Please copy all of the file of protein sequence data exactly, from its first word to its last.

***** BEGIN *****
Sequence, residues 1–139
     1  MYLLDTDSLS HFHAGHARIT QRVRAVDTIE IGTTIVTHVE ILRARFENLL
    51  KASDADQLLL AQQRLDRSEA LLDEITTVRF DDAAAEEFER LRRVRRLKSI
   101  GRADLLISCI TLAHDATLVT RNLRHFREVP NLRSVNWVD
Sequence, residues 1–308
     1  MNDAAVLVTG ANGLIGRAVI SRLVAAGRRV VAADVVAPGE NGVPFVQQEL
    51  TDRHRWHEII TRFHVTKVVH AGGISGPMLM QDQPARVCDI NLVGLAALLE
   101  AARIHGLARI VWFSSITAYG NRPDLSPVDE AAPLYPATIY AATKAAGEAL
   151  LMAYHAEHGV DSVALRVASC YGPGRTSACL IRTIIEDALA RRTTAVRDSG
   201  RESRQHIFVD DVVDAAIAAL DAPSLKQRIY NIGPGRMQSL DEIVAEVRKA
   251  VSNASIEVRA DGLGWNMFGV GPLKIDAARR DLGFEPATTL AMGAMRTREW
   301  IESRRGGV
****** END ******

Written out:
Sequence, residues 1–139
     1  MYLLDTDSLS HFHAGHARIT QRVRAVDTIE IGTTIVTHVE ILRARFENLL
    51  KASDADQLLL AQQRLDRSEA LLDEITTVRF DDAAAEEFER LRRVRRLKSI
   101  GRADLLISCI TLAHDATLVT RNLRHFREVP NLRSVNWVD
Sequence, residues 1–308
     1  MNDAAVLVTG ANGLIGRAVI SRLVAAGRRV VAADVVAPGE NGVPFVQQEL
    51  TDRHRWHEII TRFHVTKVVH AGGISGPMLM QDQPARVCDI NLVGLAALLE
   101  AARIHGLARI VWFSSITAYG NRPDLSPVDE AAPLYPATIY AATKAAGEAL
   151  LMAYHAEHGV DSVALRVASC YGPGRTSACL IRTIIEDALA RRTTAVRDSG
   201  RESRQHIFVD DVVDAAIAAL DAPSLKQRIY NIGPGRMQSL DEIVAEVRKA
   251  VSNASIEVRA DGLGWNMFGV GPLKIDAARR DLGFEPATTL AMGAMRTREW
   301  IESRRGGV